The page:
Amherst County solicited proposals for Winton, and Waukeshaw purchased this property in December 2018 with the intent of continuing the culture of relaxation and enjoyment for all. With a large pool, golf course, historic barn, tennis courts and more, the opportunities are endless. Stay tuned for more details to come on this project!
Meet Old Yellow, Bedford’s original public school, built in 1912. This uniquely beautiful building has sat vacant for over 30 years, until now. With assistance from the Bedford Economic Development Authority, Old Yellow will soon become Bedford’s first boutique hotel with 30 guest rooms. Visitors will be able to experience downtown Bedford like never before, with a tailored experience offering the distinctive character that is Bedford itself.
Just next door to Old Yellow lies the former Bedford Middle School, built in the 1930s. On January 23, 2020, an arsonist set fire to the building, causing severe damage to the structure. We are forever grateful to the first responders who bravely fought the fire for hours and kept the community safe. We remain committed to this building, which was a community landmark, and which we intended to convert into 40+ market rate apartments. We’ll continue to share more information as the situation develops.
The gymnasium behind the middle school will continue to be used as a gym, with some new programming options for future tenants, visitors and residents.
Just across the James River from Lynchburg lies Madison Heights, a small community with big potential. Luckily for us, Madison Heights is home to the Phelps Road School, which is more of a campus than a single building. This compilation of structures was built from 1925-1966 and remained in use until 1991. Created in the Georgian Revival-style, the property has suffered some degradation during its 30-years vacancy, but we are excited to dive in and restore it to its former glory.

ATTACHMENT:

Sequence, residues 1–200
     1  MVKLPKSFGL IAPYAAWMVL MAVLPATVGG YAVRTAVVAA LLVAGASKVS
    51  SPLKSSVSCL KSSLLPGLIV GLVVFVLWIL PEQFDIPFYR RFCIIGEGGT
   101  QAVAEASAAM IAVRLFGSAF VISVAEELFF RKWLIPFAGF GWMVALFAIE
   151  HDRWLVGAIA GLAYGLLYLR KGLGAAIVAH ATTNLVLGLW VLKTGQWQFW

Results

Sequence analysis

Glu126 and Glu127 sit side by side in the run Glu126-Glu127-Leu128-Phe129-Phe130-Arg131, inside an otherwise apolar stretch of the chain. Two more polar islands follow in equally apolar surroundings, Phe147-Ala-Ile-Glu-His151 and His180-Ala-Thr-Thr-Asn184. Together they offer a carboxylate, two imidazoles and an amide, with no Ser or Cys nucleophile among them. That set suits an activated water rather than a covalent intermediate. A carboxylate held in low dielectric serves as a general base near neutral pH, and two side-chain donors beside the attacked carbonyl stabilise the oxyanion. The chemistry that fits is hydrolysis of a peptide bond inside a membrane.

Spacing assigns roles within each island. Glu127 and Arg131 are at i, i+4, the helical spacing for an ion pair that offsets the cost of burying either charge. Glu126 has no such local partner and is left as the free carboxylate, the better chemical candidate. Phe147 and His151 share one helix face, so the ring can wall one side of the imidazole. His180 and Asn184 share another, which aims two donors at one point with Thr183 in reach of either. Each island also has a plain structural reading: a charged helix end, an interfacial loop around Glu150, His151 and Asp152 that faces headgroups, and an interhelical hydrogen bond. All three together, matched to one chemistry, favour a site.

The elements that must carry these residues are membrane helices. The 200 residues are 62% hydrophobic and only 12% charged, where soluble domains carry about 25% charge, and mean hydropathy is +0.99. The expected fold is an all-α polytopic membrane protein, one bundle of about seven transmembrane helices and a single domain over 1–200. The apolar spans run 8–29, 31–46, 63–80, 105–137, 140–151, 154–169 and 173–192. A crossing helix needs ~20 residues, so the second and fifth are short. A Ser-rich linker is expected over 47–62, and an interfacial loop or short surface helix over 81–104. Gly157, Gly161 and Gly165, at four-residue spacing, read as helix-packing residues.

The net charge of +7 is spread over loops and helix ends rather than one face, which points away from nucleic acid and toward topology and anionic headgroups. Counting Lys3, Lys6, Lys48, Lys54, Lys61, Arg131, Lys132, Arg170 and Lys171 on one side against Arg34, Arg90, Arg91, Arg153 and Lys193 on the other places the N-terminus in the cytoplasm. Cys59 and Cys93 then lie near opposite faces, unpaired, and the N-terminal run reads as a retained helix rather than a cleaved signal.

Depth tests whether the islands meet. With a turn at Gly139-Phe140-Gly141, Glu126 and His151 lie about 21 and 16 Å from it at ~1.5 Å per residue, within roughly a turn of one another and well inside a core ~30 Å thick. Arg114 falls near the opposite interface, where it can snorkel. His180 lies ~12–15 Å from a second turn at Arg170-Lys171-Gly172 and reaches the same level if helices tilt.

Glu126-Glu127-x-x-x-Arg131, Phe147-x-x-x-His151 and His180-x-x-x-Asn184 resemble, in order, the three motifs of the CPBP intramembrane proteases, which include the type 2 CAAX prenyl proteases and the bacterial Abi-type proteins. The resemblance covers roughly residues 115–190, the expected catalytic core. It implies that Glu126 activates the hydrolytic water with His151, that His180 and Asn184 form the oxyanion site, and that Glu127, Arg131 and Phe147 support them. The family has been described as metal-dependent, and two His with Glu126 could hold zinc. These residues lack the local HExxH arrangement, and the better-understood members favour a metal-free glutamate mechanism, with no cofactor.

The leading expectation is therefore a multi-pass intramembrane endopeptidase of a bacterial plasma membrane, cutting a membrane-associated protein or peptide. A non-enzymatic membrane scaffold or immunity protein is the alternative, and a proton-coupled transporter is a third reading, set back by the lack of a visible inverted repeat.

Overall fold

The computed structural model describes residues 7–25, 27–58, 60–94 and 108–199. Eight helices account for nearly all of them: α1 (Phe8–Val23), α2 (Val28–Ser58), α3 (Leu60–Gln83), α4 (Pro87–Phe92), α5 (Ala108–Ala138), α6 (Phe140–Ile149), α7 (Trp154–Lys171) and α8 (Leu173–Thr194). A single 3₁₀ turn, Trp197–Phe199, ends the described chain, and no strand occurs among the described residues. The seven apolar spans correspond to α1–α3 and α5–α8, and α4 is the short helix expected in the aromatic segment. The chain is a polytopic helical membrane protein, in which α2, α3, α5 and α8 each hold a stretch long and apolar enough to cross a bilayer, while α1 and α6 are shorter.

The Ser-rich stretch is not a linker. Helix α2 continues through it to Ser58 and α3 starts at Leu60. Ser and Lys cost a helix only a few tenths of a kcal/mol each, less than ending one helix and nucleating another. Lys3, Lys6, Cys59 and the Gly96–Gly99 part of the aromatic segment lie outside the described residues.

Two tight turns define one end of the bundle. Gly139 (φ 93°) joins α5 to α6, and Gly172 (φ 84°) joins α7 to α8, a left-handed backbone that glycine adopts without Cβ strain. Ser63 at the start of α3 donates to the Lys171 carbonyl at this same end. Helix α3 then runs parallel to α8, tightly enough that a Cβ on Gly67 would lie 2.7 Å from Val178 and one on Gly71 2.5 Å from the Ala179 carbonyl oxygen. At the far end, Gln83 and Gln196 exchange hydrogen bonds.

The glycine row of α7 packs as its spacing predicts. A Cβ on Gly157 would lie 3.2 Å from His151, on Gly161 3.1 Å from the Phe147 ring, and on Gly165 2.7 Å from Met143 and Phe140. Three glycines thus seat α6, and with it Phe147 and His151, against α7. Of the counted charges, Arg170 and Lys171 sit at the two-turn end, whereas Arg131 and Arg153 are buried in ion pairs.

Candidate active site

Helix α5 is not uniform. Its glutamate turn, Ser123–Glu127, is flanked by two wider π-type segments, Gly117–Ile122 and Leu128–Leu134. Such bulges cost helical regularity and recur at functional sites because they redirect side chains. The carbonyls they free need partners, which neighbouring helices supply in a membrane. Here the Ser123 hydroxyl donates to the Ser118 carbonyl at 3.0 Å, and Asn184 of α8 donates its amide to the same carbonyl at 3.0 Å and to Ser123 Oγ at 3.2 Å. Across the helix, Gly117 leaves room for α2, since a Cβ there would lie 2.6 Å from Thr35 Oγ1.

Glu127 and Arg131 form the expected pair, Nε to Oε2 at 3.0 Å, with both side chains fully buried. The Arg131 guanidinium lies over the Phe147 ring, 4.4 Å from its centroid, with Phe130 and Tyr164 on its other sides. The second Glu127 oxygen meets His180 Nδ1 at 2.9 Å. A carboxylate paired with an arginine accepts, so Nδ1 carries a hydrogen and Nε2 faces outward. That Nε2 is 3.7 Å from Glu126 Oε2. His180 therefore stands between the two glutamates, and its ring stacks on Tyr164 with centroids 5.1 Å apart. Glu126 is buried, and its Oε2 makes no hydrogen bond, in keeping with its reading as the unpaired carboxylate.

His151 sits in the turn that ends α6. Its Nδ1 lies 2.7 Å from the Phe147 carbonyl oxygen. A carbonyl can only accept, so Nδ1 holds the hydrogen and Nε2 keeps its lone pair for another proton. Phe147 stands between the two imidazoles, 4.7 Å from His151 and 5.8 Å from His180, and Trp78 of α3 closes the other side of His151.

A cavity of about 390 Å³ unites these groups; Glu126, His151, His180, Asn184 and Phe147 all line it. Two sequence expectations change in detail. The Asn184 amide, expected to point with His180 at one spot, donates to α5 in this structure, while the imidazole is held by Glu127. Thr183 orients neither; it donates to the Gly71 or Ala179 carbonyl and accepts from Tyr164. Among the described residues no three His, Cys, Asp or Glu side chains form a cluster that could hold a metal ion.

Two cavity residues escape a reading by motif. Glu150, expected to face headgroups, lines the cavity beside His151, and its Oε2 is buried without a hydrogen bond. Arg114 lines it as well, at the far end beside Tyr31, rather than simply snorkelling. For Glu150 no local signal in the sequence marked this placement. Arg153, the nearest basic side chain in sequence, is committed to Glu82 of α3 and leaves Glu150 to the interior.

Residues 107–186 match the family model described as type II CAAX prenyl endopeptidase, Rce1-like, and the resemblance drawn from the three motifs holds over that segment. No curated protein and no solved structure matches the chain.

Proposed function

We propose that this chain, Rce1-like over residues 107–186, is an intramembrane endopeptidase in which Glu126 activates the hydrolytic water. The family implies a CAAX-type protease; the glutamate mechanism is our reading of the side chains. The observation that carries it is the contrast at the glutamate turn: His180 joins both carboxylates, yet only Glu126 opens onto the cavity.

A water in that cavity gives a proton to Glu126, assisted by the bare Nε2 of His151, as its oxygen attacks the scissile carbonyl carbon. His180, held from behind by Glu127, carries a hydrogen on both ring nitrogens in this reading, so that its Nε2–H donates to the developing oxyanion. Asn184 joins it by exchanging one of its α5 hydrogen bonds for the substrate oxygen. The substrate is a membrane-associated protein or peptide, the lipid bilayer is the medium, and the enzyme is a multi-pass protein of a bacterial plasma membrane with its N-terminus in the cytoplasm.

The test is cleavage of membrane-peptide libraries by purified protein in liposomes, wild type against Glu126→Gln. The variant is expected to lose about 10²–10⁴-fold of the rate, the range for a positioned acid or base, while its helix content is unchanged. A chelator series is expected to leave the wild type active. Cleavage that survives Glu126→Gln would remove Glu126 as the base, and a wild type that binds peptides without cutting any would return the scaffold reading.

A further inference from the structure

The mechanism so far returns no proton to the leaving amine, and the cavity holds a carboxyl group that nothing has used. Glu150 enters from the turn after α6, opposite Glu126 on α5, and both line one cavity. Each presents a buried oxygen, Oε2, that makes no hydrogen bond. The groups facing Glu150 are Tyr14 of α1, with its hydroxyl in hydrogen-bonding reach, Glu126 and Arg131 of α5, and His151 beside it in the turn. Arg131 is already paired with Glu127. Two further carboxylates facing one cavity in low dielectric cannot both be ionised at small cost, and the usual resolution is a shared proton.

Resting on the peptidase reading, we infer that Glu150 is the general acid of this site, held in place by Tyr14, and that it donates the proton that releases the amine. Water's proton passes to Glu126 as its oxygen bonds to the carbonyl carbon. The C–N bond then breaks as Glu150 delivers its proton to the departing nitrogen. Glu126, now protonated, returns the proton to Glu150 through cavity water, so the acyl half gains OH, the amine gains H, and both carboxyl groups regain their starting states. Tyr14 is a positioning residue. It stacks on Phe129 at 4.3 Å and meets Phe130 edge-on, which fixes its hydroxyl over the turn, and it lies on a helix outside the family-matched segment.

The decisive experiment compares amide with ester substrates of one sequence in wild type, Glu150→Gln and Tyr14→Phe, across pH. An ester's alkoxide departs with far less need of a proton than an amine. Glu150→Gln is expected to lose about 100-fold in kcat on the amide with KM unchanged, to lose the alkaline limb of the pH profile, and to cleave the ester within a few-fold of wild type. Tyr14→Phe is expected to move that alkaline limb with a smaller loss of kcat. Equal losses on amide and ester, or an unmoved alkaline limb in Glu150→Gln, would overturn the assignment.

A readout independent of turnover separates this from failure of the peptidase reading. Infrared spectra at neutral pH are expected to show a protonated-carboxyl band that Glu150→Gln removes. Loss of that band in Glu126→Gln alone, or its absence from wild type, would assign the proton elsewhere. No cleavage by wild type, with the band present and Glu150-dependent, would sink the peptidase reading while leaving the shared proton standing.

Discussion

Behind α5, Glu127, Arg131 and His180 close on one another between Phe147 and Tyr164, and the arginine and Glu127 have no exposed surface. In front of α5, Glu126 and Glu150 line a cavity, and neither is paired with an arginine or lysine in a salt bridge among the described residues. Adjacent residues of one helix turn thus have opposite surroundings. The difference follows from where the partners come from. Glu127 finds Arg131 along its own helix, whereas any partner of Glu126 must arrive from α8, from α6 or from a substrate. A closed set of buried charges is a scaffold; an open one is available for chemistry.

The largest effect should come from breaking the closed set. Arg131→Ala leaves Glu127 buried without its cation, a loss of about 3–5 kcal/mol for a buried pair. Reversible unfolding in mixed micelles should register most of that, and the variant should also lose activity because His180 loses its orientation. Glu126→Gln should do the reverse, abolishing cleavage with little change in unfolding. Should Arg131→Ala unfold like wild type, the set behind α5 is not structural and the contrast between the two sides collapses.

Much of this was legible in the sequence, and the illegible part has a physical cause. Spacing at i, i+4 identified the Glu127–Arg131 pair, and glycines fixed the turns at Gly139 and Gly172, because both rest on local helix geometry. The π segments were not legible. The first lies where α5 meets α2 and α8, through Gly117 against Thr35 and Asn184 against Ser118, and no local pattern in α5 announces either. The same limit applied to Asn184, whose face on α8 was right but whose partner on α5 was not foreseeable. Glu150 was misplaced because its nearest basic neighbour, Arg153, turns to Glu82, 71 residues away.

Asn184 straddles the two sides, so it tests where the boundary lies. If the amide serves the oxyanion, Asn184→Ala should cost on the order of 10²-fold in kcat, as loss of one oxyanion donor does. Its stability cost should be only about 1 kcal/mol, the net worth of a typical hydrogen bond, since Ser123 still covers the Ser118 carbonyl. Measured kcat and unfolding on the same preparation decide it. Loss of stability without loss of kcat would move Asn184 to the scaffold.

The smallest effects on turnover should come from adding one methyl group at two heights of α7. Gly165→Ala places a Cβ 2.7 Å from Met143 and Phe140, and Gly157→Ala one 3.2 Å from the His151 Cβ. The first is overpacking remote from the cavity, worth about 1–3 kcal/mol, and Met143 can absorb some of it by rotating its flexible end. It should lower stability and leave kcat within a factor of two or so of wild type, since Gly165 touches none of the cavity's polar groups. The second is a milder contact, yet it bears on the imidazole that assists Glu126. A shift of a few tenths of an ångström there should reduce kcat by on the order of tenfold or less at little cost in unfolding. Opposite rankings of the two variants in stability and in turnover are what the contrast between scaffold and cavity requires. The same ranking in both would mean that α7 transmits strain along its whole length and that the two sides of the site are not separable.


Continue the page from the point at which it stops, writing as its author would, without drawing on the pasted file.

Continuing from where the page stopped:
With support from the Amherst County Economic Development Authority, Amherst County, and historic tax credits, we will redevelop the school into 40 market-rate apartments. We expect to offer an old classic with a new purpose in the summer of 2020.
Big Trouble, a malting facility and craft distillery, will be housed just across the courtyard from Trapezium Brewing in Old Towne Petersburg, offering its own brandy and tasting room.
The project will be financed in part with a $50,000 grant from the Governor’s Agriculture and Forestry Industries Development Fund (AFID) and matching incentives from the City of Petersburg. At the official announcement, Governor McAuliffe said, “Big Trouble brings together multiple aspects of economic development – agriculture, entrepreneurship, manufacturing, tourism, and community revitalization – in one operation and is another excellent example of leveraging some of the Commonwealth’s greatest assets to build a new Virginia economy.”
Sandwiched between Centre Hill, the YMCA, Mayton Transfer Lofts and Washington St, this odd collection of historic homes seemed too pretty to let it all rot away. In 2008, Waukeshaw began buying properties as they came available, and plans a methodical renovation of those houses in the near future.